Martti (or Martin) Rautanen, Finnish missionary, completed his training at the mission school in Helsinki in 1867 and on 30 December 1868 arrived in Table Bay as one of the first group of nine missionaries of the Finnish Mission Society to be sent to Ovamboland, in the north of present Namibia. After being taught Herero at Otjimbingwe by Rhenish missionaries under Reverend C.H. Hahn* he started work in Ovamboland in July 1870. In September 1872 he married Anna F. Kleinschmidt, daughter of the Rhenish missionary at Rehoboth, with whom he had nine children. He founded a mission among the Ongandjera, but from 1873 to 1880 was stationed at Omandonga, the principal station in Ondonga territory. In June 1880 he moved to Olukonda (near Ondangwa), where he spent the rest of his life. A few years later he became head of the Finnish mission to Ovamboland and for many years acted as counsellor and personal physician to two successive chiefs. He studied Ovambo culture, contributed various articles on the subject to European journals, and built up a private ethnological collection. A chapter by him on "Die Ondonga (in Amboland)" was included in Rechtsverhältnisse von eingeborenen Völkern in Afrika und Ozeanien (Berlin, 1903), edited by S.R. Steinmetz.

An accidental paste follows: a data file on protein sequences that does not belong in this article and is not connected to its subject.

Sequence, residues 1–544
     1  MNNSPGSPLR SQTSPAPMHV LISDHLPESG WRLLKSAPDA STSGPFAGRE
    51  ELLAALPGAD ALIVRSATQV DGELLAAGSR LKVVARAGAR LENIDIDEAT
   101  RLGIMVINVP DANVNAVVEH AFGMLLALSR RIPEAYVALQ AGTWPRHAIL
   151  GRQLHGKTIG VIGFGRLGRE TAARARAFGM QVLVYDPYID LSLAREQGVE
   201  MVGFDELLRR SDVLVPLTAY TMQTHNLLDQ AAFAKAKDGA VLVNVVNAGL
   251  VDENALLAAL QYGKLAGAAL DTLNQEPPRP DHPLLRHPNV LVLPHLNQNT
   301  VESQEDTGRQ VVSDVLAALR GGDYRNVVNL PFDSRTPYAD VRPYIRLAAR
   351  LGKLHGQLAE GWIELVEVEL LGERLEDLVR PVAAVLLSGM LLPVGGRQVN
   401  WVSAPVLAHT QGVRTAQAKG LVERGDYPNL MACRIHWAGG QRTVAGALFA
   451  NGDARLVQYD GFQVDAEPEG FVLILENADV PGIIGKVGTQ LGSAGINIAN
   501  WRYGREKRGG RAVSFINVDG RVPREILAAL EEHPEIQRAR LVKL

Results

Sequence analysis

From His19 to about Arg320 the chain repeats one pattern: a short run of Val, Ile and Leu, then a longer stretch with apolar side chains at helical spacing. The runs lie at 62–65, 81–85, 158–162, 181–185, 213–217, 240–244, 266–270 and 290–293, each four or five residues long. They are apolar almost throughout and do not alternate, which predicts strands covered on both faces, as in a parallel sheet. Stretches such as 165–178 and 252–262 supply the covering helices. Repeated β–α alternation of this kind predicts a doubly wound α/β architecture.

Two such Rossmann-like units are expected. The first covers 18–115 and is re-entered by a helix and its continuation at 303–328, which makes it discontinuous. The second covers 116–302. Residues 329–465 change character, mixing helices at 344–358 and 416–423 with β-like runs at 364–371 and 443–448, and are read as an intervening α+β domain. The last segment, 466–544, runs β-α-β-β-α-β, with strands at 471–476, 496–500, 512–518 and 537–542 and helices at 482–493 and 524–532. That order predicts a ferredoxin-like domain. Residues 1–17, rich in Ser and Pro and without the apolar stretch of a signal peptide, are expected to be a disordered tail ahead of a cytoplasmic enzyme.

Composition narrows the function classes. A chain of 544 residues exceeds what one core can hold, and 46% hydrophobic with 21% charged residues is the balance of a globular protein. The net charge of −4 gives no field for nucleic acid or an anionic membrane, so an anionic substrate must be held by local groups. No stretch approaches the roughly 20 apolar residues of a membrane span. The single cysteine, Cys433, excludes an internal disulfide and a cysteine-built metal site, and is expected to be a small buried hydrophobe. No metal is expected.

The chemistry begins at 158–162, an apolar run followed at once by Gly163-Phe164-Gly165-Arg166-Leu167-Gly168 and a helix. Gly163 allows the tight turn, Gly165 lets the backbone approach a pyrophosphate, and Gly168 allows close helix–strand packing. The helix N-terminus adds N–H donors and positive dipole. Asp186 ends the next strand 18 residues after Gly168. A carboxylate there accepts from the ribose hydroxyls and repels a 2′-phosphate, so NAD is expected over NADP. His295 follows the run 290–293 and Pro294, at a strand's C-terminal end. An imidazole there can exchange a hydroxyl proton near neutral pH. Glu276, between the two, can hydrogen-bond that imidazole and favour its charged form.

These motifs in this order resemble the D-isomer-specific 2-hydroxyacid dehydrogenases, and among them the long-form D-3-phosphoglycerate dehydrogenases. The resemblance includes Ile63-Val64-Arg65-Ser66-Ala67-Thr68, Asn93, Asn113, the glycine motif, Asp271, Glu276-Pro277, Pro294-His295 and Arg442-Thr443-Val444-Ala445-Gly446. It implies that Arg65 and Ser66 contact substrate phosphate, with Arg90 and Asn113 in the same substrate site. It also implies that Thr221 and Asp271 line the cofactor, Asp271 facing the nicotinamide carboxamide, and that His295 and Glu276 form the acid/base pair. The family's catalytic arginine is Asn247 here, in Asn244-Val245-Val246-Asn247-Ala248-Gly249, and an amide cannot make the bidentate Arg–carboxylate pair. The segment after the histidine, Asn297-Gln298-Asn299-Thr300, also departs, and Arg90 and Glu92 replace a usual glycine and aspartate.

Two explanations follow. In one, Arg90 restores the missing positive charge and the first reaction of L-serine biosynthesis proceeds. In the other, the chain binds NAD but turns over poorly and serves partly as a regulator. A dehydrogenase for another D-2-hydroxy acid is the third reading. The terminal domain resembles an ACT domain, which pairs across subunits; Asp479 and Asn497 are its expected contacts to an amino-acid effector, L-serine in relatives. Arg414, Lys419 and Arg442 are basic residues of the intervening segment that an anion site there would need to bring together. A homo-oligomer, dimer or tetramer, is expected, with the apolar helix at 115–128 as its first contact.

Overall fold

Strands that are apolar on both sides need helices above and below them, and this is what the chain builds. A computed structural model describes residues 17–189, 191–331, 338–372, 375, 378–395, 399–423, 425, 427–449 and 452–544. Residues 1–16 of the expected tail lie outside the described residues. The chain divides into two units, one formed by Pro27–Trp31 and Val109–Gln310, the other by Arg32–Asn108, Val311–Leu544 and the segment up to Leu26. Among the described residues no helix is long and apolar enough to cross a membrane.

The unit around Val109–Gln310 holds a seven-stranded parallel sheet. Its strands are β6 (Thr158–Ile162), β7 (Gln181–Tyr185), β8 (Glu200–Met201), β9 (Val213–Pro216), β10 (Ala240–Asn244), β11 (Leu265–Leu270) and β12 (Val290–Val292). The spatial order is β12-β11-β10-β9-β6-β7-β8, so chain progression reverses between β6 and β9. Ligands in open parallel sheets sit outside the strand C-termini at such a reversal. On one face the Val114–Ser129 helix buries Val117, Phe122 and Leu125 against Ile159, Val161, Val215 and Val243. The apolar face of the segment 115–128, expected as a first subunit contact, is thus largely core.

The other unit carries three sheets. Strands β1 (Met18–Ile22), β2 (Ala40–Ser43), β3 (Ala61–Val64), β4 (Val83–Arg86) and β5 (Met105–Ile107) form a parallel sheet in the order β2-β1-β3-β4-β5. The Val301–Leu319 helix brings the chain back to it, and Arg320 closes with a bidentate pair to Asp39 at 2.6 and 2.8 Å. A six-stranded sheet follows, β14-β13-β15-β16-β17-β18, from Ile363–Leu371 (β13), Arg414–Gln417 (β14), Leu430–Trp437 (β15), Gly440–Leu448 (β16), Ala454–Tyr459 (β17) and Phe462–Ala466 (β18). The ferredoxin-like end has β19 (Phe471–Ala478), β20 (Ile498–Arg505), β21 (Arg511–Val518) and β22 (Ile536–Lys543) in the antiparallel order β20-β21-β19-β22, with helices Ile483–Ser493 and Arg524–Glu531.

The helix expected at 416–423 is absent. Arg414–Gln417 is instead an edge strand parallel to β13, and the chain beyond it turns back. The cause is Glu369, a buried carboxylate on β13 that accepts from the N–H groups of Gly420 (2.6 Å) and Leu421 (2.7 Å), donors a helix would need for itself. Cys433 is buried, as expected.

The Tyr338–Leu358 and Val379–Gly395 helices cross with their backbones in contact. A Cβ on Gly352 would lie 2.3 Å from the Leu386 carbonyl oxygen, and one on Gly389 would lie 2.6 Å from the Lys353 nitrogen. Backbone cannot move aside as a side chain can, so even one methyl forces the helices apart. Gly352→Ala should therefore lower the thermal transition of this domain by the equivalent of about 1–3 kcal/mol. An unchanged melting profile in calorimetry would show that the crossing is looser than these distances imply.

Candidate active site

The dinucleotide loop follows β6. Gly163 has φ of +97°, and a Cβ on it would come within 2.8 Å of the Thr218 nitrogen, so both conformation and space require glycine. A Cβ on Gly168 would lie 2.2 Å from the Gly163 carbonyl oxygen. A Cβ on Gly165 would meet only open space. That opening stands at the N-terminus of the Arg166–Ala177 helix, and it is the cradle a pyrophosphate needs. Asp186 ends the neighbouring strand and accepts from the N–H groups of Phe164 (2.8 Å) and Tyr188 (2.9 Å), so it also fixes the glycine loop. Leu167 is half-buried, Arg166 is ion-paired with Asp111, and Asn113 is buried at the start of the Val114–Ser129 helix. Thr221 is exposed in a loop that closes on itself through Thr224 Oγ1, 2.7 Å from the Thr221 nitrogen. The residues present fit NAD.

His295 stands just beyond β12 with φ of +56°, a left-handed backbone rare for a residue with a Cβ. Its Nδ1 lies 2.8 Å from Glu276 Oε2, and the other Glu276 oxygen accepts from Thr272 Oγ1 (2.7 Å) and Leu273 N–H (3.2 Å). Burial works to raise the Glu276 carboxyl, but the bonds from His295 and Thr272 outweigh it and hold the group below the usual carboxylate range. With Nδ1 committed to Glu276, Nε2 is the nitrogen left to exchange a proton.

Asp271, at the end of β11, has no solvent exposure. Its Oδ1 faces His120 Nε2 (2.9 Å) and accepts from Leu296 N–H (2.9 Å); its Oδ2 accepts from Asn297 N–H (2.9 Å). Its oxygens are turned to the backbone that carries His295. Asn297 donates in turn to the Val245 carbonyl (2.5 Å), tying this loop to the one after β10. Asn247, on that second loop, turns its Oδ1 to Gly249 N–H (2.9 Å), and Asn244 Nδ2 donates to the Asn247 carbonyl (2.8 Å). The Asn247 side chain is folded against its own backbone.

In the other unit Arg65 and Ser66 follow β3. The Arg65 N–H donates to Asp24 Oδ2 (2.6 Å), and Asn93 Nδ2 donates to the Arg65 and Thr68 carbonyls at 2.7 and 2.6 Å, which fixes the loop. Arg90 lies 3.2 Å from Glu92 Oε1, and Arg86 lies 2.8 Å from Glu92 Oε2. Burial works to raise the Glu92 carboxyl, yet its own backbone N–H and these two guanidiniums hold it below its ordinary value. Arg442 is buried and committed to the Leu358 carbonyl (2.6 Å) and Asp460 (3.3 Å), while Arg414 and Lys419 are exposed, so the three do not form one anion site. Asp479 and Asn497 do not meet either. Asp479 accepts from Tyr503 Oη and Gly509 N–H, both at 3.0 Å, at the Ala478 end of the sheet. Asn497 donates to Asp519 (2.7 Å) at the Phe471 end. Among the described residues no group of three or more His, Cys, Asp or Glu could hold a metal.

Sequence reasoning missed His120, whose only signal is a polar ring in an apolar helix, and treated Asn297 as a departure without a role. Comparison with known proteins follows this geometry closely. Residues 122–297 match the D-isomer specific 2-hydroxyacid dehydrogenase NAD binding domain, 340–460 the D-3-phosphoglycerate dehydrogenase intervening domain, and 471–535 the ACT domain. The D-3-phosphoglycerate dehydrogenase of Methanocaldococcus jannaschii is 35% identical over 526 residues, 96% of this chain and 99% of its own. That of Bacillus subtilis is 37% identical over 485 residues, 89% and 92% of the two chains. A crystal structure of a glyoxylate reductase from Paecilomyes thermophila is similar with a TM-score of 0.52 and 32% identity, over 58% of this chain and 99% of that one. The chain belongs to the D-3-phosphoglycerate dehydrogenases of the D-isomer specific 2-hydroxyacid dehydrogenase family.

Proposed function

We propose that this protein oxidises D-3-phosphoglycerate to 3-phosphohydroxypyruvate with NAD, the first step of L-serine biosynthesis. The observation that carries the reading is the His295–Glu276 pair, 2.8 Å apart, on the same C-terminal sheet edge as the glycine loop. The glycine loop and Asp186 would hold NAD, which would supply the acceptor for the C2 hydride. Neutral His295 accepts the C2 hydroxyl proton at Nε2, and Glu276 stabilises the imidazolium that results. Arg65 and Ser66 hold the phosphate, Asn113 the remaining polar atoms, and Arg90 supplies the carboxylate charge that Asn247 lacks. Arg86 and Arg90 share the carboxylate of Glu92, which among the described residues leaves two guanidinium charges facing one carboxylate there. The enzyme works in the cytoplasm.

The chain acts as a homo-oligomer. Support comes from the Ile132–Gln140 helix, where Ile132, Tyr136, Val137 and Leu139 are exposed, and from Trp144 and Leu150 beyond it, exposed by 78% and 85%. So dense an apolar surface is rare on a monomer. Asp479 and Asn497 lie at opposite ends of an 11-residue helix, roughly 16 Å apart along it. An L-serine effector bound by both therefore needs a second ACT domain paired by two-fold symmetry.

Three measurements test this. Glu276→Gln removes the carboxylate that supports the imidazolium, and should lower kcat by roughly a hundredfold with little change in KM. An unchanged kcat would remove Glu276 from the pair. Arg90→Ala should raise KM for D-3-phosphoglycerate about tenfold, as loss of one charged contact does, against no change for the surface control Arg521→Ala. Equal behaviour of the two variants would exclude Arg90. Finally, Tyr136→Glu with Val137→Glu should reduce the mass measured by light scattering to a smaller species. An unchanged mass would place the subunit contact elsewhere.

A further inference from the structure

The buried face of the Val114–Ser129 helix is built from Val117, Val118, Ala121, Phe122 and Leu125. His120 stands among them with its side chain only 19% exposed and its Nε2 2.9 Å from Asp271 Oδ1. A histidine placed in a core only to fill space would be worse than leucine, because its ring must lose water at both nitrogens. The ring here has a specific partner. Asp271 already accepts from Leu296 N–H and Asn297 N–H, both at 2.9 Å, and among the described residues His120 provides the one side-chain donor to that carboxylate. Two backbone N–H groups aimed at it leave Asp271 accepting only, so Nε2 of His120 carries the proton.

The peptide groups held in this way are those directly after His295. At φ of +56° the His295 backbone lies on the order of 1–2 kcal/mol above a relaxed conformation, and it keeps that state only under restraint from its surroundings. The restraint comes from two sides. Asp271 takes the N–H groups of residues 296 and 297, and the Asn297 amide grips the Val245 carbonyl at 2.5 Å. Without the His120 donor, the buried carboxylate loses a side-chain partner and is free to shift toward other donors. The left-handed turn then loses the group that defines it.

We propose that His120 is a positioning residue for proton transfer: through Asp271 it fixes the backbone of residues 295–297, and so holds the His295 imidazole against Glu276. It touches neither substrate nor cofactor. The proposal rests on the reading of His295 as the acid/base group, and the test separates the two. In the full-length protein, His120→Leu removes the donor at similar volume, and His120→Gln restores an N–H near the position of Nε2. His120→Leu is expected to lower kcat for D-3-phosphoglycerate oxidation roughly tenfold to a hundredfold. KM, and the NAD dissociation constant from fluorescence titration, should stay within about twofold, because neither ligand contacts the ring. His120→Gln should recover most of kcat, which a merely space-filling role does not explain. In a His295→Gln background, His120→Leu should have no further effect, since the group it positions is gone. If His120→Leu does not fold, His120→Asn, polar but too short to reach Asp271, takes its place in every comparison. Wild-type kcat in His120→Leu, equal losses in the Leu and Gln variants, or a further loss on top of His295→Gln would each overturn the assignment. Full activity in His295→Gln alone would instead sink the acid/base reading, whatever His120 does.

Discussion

As a linguist (he knew Finnish, German, English, Dutch, Russian, Latin, Greek, Otjiherero, and Oshindonga) Rautanen spent many years on the translation of the New Testament into Oshindonga (published in 1908) and then continued with the translation of the Old Testament (completed in 1924). Some articles written by him in Oshindonga appeared in the mission journal Osondaha.
During his many years in Ovamboland Rautanen met several pioneers of Namibia, including Frederick Green*, Axel W. Eriksson* and Dr Hans Schinz*. The latter spent about seven months in the neighbourhood of Olukonda during his visit to Namibia in 1884-1887 and received much assistance from Rautanen, who became his friend. Probably inspired by Schinz, Rautanen began collecting plants. His original specimens are housed in the herbarium of the University of Zurich; other collections are in the Botanical Museum, University of Helsinki, and the Albany Museum, Grahamstown. Two plant genera were named after him, Rautanenia and Neorautanenia, the latter by Schinz, who also commemorated him in the species Anthericum rautanenii, Barleria rautanenii, Crinum rautanenianum, Ornithogalum rautanenii, and Petalidium rautanenii.
Rautanen spent the years 1891 to 1903 in Finland, but returned to his mission in 1904. He retired in 1920, having devoted his life to the people of Ovamboland, and died there six years later. In recognition of his work the University of Helsinki bestowed an honorary doctorate in theology on him in 1925.